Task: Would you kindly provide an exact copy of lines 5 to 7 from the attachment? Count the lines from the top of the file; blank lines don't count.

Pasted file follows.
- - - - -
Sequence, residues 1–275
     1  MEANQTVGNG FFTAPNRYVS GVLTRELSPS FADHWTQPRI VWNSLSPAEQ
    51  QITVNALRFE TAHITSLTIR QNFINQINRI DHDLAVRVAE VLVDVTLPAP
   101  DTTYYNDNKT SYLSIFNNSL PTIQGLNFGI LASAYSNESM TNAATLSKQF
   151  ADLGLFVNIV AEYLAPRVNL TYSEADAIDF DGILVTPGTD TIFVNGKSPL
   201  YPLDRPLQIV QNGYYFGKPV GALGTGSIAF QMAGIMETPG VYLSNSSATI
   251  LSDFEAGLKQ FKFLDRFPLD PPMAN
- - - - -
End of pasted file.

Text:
   151  ADLGLFVNIV AEYLAPRVNL TYSEADAIDF DGILVTPGTD TIFVNGKSPL
   201  YPLDRPLQIV QNGYYFGKPV GALGTGSIAF QMAGIMETPG VYLSNSSATI
   251  LSDFEAGLKQ FKFLDRFPLD PPMAN